To answer another part of your question, yes the development of this condition is genetic, however; that does not mean that if your colt has the condition and goes on to breed that his offspring would necessarily also be "parrot mouthed". The first step is for you to contact an equine dental vet and schedule an examination. As luck would have it, one of the most experienced equine dental vets in the world, and author of the text book "Equine Dentistry" who also happens to be an expert in examining and treating foals with overbite/overjet is based in Shelbyville, KY. You can find Dr. Jack Easley's contact details here 
So remember, good luck and stay calm. Hopefully, you and your horse have many more happy years together.
Question: My vet came out and examined my horse and told me he has "gum disease". Do horses get gum disease? Is this something I should worry about?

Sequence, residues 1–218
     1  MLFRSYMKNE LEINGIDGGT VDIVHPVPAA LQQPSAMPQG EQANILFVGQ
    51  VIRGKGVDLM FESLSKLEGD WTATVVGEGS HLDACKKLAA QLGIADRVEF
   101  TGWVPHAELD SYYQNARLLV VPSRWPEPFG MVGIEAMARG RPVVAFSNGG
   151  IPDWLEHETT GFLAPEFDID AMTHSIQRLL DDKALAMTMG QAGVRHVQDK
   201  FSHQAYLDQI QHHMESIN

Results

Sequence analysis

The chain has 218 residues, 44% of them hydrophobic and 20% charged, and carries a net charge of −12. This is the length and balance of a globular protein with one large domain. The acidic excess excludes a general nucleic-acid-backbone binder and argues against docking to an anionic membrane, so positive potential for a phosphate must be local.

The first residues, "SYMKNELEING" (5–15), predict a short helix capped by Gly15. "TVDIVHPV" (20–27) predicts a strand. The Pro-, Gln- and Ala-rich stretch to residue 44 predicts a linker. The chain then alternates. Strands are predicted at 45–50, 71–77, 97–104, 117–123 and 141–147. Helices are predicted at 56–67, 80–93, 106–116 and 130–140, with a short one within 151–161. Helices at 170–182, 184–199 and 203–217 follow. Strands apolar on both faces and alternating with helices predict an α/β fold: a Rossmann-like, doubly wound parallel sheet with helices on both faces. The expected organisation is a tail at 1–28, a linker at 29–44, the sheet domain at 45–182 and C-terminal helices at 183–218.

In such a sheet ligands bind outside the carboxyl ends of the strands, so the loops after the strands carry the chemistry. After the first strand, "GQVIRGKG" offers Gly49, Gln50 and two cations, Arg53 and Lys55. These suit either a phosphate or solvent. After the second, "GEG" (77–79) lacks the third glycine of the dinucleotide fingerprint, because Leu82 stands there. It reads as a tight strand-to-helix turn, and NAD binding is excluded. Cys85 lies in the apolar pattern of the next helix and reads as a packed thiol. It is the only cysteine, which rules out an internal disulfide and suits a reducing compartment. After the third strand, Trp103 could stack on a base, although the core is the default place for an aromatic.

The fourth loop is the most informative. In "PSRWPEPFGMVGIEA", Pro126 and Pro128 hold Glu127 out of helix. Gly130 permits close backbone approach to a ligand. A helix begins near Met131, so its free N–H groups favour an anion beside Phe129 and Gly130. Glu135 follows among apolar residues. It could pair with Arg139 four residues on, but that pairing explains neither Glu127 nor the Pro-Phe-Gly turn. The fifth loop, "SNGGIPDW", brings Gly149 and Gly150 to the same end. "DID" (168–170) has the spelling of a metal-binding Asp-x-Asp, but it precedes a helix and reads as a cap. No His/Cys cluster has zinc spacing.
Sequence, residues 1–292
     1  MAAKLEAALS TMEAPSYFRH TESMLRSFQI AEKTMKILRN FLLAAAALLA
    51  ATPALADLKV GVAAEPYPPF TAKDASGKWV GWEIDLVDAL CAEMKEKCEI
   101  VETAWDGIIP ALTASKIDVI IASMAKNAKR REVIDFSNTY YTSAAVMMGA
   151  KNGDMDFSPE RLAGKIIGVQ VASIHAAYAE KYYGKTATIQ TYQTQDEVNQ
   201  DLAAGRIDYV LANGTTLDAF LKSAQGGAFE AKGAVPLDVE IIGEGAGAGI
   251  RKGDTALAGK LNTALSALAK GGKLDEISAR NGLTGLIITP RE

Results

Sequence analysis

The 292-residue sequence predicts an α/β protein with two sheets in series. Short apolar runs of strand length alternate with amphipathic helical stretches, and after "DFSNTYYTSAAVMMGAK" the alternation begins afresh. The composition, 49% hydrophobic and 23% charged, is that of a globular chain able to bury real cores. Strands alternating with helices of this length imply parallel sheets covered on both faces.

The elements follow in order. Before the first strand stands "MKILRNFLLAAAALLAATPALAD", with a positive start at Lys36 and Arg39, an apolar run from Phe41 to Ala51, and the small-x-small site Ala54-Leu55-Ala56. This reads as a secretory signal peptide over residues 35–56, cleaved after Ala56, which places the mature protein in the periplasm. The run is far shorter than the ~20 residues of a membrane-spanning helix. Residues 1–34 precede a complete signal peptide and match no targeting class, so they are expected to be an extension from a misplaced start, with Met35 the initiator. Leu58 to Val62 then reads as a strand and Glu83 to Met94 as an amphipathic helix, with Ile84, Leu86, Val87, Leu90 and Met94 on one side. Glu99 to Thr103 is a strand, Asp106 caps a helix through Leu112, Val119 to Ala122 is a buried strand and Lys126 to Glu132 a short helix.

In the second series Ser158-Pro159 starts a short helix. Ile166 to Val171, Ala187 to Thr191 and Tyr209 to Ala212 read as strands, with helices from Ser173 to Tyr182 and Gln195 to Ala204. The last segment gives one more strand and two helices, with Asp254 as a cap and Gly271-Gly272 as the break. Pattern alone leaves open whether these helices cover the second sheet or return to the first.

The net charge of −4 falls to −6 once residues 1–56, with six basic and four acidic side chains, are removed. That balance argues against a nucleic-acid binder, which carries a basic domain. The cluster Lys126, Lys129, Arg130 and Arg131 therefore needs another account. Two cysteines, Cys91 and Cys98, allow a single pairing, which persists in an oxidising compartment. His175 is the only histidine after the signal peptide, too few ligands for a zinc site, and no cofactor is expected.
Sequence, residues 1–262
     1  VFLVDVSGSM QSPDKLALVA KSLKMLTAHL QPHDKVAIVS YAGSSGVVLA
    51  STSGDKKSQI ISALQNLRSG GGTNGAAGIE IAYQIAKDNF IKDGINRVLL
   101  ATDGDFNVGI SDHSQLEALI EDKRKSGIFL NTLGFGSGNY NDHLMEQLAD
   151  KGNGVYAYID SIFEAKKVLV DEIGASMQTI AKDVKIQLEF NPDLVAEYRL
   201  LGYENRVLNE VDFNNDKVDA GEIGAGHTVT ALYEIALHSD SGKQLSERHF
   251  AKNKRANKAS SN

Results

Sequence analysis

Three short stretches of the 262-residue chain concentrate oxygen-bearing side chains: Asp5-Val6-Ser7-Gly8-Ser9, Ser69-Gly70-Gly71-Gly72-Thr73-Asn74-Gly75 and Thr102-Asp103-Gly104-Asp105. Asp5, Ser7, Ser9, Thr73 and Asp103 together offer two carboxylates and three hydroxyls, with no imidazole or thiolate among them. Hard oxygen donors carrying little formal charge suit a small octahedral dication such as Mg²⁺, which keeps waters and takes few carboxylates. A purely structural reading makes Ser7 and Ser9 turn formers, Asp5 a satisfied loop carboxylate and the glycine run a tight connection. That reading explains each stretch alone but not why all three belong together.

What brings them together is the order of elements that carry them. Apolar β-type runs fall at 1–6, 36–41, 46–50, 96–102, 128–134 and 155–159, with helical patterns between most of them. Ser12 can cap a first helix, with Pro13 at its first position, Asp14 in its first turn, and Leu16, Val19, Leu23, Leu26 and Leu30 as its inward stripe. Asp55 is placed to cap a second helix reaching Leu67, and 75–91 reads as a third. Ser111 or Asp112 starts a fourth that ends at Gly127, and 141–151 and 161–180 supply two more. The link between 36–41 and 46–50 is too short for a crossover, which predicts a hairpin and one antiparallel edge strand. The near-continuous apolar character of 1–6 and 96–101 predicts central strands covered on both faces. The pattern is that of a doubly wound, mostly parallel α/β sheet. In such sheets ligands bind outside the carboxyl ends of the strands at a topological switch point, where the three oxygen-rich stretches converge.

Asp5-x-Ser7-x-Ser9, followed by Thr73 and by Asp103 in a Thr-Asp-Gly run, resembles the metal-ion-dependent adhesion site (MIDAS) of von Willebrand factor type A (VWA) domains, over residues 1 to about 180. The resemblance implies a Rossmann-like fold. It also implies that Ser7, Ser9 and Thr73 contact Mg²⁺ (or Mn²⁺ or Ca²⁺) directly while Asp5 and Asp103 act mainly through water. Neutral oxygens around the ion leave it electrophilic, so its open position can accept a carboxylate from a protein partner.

That's a great question and it's similiar to another that has recently been asked. I encourage you to browse the previouslly submitted questions as it may be worth having a look at the answer to that question. Simply put, YES, horses do get gum disease or perio (meaning around) dontal (meaning tooth) disease. It's actually the most common disease affecting horses with around 70 percent of horses being affected so its something all horse owners really need to be aware of. Like all diseases, the earlier the problem is identified and treatment begins the better the end result for both the owner and the horse. Short answer to your question is yes, it is something you should take seriously. Whatever stage the disease is identified, your equine dental veterinarian will be able to help both you and your horse. However, scheduling regular examinations from an early age is still the best way to keep your horse's mouth healthy. Periodontal disease can occur anywhere on the horse's mouth including right at the back of the mouth. Therefore, it is very important that each dental examination is very thorough and that your vet sedates your horse, uses a very bright light and a mirror to examine each part of the teeth and gums carefully for any sign of a problem. Did you know that Bot Flies can cause periodontal disease in your horse's mouth?  Here is a direct link to a video regarding bot flies and their correlation to periodontal disease in the horse: